Massey Energy to Pay Largest Civil Penalty Ever for Water Permit Violations
Release date: 01/17/2008


Maryland pledges its highways, airport and port will be green
Release date: 10/01/2008
PHILADELPHIA (Oct. 1, 2008) - - Maryland transportation agencies are kicking it up a notch as they signed an agreement today to have 168 of their transportation facilities, including the airport, highways and port in the state, undergo thorough environmental checks. Under the U.S. Environmental Protection Agency agreement, the state agencies will conduct their own environmental assessments and disclose violations they may find.


Sunoco and EPA Settle Alleged Clean Air Act Violations at Philadelphia Facility
Release date: 07/08/2008
(PHILADELPHIA, July 8, 2008) The U.S. Environmental Protection Agency and Sunoco, Inc. (R&M) have agreed to a $200,000 settlement for past clean air violations at Sunoco's chemical manufacturing facility in Philadelphia. This facility is located at Margaret and Bermuda streets in Philadelphia’s Frankford section.

EPA and SEPTA Settle Hazardous Waste Violations
Release date: 10/06/2008
PHILADELPHIA (October 6, 2008) – The U.S. Environmental Protection Agency and the Southeastern Pennsylvania Transportation Authority (SEPTA) have settled alleged violations of hazardous waste and underground storage tank regulations at nine SEPTA facilities.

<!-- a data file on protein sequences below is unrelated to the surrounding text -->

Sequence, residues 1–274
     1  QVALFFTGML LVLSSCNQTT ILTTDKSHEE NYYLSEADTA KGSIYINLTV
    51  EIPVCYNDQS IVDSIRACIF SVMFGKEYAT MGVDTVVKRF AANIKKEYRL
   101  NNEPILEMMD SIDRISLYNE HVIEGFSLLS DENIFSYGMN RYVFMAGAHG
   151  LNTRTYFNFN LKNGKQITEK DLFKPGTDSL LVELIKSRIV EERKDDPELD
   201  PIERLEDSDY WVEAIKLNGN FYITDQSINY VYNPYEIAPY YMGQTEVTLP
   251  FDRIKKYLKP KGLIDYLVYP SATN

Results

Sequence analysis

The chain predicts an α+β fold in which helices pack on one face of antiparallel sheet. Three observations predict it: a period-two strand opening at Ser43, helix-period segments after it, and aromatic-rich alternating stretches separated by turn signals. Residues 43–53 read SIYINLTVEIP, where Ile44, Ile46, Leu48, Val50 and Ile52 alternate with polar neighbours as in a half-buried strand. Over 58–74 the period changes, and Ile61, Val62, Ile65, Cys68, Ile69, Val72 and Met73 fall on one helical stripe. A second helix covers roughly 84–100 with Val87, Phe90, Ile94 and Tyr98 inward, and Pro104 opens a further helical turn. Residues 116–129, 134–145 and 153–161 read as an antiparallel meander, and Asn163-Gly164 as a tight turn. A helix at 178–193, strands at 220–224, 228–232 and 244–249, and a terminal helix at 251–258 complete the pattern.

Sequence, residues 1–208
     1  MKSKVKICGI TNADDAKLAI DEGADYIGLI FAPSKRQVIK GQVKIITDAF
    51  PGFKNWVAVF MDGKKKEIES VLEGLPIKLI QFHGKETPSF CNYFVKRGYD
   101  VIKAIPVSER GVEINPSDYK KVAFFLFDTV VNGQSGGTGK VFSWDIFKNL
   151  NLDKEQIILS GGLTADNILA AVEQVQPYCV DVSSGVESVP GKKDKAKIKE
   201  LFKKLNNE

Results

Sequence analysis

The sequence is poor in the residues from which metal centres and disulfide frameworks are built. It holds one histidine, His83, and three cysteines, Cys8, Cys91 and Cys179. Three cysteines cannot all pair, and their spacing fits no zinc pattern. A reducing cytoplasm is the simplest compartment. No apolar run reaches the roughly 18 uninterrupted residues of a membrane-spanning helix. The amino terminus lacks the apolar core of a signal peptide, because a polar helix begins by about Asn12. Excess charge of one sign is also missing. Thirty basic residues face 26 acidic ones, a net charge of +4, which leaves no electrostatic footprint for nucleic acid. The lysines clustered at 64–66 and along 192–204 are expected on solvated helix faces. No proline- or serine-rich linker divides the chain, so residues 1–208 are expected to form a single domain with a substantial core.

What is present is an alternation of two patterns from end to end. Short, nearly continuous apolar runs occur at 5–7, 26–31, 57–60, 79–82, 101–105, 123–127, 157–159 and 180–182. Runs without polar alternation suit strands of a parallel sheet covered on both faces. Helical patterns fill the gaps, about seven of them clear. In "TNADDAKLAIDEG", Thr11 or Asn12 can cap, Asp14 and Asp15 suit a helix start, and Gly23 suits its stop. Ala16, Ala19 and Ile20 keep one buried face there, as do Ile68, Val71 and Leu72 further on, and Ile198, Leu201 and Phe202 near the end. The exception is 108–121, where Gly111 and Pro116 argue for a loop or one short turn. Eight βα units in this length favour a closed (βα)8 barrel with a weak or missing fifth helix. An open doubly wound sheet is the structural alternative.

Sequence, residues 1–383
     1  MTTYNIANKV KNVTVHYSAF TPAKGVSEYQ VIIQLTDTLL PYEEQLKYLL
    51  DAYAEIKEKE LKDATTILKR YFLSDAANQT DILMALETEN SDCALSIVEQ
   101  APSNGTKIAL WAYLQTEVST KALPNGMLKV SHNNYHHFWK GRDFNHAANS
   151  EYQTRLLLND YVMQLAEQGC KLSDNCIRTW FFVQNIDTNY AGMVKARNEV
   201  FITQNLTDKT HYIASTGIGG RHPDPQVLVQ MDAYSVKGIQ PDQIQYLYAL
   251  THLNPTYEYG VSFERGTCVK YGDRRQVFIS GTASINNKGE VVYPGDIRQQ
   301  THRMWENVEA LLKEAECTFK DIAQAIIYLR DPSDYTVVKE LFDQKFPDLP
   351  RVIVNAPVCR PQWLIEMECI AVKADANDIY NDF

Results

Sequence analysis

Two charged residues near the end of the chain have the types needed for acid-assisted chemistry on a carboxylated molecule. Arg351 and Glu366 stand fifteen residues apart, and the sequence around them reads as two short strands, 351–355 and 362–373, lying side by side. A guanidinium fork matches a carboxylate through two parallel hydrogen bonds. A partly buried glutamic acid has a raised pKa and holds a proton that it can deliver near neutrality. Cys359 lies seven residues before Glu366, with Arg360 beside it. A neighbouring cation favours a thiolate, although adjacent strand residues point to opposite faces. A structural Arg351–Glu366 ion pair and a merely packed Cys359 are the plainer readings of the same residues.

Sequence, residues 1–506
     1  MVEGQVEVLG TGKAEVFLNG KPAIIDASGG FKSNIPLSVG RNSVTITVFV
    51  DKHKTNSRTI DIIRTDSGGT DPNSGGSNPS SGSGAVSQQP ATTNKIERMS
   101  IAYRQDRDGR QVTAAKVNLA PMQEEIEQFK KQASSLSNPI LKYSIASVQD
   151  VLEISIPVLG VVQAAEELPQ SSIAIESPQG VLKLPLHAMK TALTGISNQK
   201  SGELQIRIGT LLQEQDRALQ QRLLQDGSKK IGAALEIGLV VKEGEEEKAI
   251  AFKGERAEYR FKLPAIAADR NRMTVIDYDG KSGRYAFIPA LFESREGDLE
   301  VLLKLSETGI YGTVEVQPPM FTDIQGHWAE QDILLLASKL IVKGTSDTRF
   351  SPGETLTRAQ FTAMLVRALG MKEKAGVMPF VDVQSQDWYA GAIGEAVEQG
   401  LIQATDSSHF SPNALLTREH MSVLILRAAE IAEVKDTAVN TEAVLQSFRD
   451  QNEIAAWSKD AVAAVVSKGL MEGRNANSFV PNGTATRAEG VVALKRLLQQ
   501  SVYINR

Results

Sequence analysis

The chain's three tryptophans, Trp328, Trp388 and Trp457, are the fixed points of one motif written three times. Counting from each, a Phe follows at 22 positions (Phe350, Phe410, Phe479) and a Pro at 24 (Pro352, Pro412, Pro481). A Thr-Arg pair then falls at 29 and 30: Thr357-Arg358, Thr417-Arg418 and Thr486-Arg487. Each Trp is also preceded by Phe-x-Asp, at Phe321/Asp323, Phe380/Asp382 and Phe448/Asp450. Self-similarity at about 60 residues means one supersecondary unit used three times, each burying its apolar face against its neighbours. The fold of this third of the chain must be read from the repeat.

Merck Settles Clean Water Act Violations Related to June 2006 Fish Kills in Wissahickon Creek
Release date: 12/13/2007
PHILADELPHIA (December 13, 2007) U.S. Attorney Pat Meehan, the U.S. Environmental Protection Agency and Pennsylvania Department of Environmental Protection, today, announce a settlement with Merck in a federal-state lawsuit over violations of federal and state water pollution control regulations at its Pharmaceutical plant. On June 13, 2006 Merck discharged potassium thiocyanate causing extensive fish kills in the Wissahickon Creek on June 14th and 15th and also resulting in the Philadelphia Water Department temporarily closing its Schuylkill River drinking water intake.

Landmark settlement aims to clean up raw sewage discharges in Allegheny County
Release date: 05/31/2007
PITTSBURGH (May 31, 2007) -- In a landmark settlement with federal, state, and county authorities, the Allegheny County Sanitary Authority (ALCOSAN) has agreed to a comprehensive plan to greatly reduce the annual discharge of billions of gallons of untreated sewage into local waterways.


EPA and Virginia Company Settle Clean Air Act Violations
Release date: 07/23/2008

(PHILADELPHIA, July 23, 2008) Celanese Acetate, L.L.C., a manufacturer of acetate products in Narrows, Va., will pay $60,000 to resolve alleged violations of the federal Clean Air Act. The U.S. Environmental Protection Agency cited the company for problems related to the monitoring and repairing of equipment at Celanese's Celco plant located at 3520 Virginia Ave. in Narrows.